MISCELLANEOUS

By Staff
article image
Lyle Michelson
Courtesy of Lyle Michelson, New Leipzig, North Dakota 58562. This picture shows the Star Flour Mill being moved from Old Leipzig to the new site of Lawther (later changed to New Leipzig).

With the coming of the Northern Pacific and Chicago, Milwaukee
and St. Paul Railroad branches into this section of the State in
1910, the residents of the little inland town of Old Leipzig, gave
serious thought to the problem of moving their homes and places of
business next to these railroads.

This picture shows the Star Flour Mill being moved from Old
Leipzig to the new site of Lawther (later changed to New
Leipzig).

From left to right: man on water tank is Alfred Sprecher and the
men on platform and ground are unidentified. Owner of first
‘Big Four’ gas tractor at left was Elmer Sealameyer, at
wheel. Next two men on same tractor are unidentified. Owner of the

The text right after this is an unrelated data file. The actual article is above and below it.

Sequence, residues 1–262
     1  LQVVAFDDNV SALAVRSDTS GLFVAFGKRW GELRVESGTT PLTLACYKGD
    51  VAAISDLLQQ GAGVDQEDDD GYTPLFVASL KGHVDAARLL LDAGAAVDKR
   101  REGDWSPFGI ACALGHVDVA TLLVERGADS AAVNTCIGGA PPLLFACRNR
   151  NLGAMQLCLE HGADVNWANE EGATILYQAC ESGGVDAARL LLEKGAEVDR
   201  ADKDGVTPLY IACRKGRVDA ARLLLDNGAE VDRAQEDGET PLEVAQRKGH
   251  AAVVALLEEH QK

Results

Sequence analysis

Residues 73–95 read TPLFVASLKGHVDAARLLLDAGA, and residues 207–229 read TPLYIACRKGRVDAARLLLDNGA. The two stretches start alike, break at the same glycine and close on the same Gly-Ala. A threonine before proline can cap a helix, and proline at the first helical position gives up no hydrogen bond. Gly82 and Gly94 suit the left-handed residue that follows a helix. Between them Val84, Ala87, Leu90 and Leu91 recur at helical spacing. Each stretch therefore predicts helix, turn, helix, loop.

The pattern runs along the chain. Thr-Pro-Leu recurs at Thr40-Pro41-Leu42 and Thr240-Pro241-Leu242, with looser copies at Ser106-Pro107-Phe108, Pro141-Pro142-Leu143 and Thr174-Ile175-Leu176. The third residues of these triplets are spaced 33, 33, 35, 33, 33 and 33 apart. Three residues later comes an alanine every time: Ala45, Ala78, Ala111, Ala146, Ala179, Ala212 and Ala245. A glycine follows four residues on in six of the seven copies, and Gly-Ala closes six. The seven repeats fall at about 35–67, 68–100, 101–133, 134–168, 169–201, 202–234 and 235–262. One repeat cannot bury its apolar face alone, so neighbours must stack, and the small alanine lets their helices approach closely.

first J. I. Case steamer at left, was Alfred Sprecher with Jake
Hunt at the wheel and Byron DeLange now of Carson, at right with
John Michelson out front on the ground.

The second ‘Big Four’ gas tractor belonged to Charley
Bleick, at wheel, with Floyd Michelson sitting on top of gas tank.
The last J. I. Case Steamer, at right, was owned by the Theurer
Bros, with Fred Theurer on coal tender and Bill Theurer standing on
wheel and Martin Michelson in buggy, over seeing the moving.

It took four and one half days to move the mill a distance of
nine miles, because the building was weighted down with flour
processing machinery. The homemade wooden wheels mired down in soft
spots and wheel boxings burned out and had to be replaced every so
often.

Starting out with three engines, it was necessary to add another
steamer, the one belonging to Alfred Sprecher. It was busy nearby
plowing up new sod with a ten bottom breaker. The building was set
down on a foundation directly south across the street from the
present west end Peavey Elevator.

The Michelson brothers operated and supplied the surrounding
country with flour and processed feeds for a number of years. The
building was later destroyed by fire in about 1922.

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